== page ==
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Captors behead civilian worker

A 26-year-old Pennsylvania businessman in Iraq to help with reconstruction was kidnapped and beheaded by Islamic militants who said they were avenging U.S. soldiers' mistreatment of Iraqi prisoners, according to a gruesome video of the murder posted yesterday on the Web site of a militant group tied to al-Qaida.

The video attributed the killing of Nick Berg to Abu Musab al-Zarqawi, who has emerged as a leading plotter of terrorist attacks on Americans and their allies in Iraq and elsewhere.

A title on the videotape said: "Sheik Abu Musab Zarqawi executes an American with his own hands and promises Bush more."

The killing of Berg was denounced by President Bush, whose spokesman said it showed "the true nature of the enemies of freedom," and by his Democratic rival for the presidency, Sen. John Kerry, who said "America stands together" against terrorists.

News of the beheading left senators at a hearing on the abuse of Iraqi prisoners "in a virtual state of shock," said Virginia Sen. John W. Warner. Some senators had earlier expressed the fear that photos of naked prisoners being humiliated by U.S. soldiers could spark retaliation against American hostages.

Family and friends described Berg as an adventurous small businessman who had started a company, Prometheus Methods Tower Service, for which he climbed radio towers in the Philadelphia area to make repairs and install lights.

He had a humanitarian streak and had traveled to Kenya and Ghana, where he purchased a $900 brick-making press for a village, his family told reporters.

Looking for work

A supporter of the American invasion of Iraq, Berg decided to travel independently there earlier this year in search of work repairing radio station antennas and other communications equipment. He had disappeared April 9 after telling his family he was looking for a safe way to return to the United States.

His body was found Saturday near a highway overpass in the northern city of Mosul.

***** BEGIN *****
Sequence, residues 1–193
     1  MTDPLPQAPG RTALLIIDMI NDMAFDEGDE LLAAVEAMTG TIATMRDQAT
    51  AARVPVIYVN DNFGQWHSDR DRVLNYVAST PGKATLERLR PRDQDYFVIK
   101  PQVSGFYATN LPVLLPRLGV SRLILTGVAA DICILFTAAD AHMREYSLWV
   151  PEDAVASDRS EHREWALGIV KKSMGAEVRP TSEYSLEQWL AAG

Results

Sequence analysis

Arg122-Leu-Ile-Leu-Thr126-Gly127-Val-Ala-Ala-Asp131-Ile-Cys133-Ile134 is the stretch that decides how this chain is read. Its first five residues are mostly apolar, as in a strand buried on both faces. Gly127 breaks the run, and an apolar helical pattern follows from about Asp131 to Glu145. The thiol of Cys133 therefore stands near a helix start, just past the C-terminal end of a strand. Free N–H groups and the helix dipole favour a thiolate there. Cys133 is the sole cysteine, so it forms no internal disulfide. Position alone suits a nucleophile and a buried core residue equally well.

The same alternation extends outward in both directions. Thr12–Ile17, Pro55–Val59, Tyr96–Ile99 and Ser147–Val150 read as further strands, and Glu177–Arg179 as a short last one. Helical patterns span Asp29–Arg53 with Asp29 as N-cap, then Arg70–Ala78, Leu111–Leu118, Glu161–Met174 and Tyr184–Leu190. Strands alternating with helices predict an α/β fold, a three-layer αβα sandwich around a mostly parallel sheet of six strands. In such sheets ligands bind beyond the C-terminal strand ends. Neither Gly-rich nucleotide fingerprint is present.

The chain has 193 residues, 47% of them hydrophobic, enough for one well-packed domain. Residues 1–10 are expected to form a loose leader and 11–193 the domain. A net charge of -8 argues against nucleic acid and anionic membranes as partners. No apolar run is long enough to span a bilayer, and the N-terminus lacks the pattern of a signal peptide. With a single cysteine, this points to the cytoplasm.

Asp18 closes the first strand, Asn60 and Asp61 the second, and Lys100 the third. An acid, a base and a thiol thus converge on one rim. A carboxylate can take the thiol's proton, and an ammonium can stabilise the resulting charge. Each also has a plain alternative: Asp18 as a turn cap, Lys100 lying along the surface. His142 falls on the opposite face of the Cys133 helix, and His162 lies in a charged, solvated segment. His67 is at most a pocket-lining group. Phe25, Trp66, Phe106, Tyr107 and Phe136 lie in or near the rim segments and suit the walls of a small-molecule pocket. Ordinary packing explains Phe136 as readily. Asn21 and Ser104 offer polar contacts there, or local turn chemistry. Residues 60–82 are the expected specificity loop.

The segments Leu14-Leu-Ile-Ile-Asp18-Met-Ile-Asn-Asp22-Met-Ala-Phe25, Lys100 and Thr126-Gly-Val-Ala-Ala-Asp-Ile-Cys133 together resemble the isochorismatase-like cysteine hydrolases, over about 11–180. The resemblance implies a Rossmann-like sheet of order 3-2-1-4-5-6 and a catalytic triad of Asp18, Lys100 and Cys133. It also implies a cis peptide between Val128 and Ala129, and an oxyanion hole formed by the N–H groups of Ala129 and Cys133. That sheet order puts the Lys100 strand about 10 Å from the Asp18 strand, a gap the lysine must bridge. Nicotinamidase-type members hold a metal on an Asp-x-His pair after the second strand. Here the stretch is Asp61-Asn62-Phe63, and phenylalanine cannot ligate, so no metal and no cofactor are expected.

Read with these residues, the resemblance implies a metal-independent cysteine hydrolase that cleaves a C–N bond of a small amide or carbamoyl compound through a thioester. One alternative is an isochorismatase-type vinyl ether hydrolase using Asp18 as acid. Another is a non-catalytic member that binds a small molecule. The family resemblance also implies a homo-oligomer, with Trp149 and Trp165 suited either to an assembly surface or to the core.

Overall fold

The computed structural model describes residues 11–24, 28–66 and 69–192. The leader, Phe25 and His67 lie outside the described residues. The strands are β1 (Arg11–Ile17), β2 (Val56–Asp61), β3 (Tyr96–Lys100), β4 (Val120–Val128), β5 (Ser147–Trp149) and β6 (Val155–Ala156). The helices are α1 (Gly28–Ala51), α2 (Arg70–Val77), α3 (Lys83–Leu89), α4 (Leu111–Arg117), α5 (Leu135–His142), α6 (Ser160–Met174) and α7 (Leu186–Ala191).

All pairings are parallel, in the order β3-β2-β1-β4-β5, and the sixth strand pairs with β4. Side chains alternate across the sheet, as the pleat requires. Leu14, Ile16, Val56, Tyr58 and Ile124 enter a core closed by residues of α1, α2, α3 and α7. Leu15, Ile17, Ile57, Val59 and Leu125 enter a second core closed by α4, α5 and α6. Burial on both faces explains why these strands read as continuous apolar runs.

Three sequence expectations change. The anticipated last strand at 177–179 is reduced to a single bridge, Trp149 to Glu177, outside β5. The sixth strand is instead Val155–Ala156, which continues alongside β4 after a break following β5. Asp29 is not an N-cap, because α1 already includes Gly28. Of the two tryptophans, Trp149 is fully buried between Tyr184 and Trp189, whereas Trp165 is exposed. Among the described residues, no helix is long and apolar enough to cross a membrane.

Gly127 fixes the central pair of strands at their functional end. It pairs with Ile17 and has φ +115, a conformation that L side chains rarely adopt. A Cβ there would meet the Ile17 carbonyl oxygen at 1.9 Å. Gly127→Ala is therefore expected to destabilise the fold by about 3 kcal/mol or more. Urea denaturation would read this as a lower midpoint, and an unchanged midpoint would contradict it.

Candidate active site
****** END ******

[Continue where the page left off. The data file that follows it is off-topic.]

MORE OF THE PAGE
Berg had decided to abandon the search for work after being detained by Iraqi police late March 24 in Mosul. On March 30, FBI agents visited his parents, Michael and Suzanne Berg of West Chester, Pa., to tell them Nick Berg was jailed in Iraq and to establish the reason for his presence in that country.

But Berg continued to be held by decision of the U.S. military, possibly because of uncertainty about whether his identity had been stolen by someone else, his parents said in recent media interviews.

Berg's parents filed a federal lawsuit April 5 against Defense Secretary Donald H. Rumsfeld demanding their son's release. He was freed the next day, according to Alfred A. Gollatz, the attorney who handled the case.

Father blames delay

In an interview yesterday with public radio station WBUR in Boston, Michael Berg said he blames the U.S. government in part for his son's death. If he had not been held incommunicado for nearly two weeks, he could have left Iraq safely, Michael Berg said.

"We could have gotten him out of there before the hostilities escalated," he told the radio station. "I still hold [Rumsfeld] responsible.

"But it goes further than Donald Rumsfeld. It's the whole Patriot Act. It's the whole feeling of this country right now that rights don't matter anymore because there are terrorists about."

In the video footage, posted on the Web site of the terrorist group Ansar al-Islam, Nick Berg, dressed in an orange jumpsuit and with his hands bound, sits on the floor in front of five men wearing head scarves and masks.

In a quiet voice, he introduces himself: "My name is Nick Berg. My father's name is Michael. My mother's name is Suzanne. I have a brother and sister, David and Sara. I live in ... Philadelphia."

Then one of the masked militants reads a statement linking Berg's fate to the detainees in Abu Ghraib prison.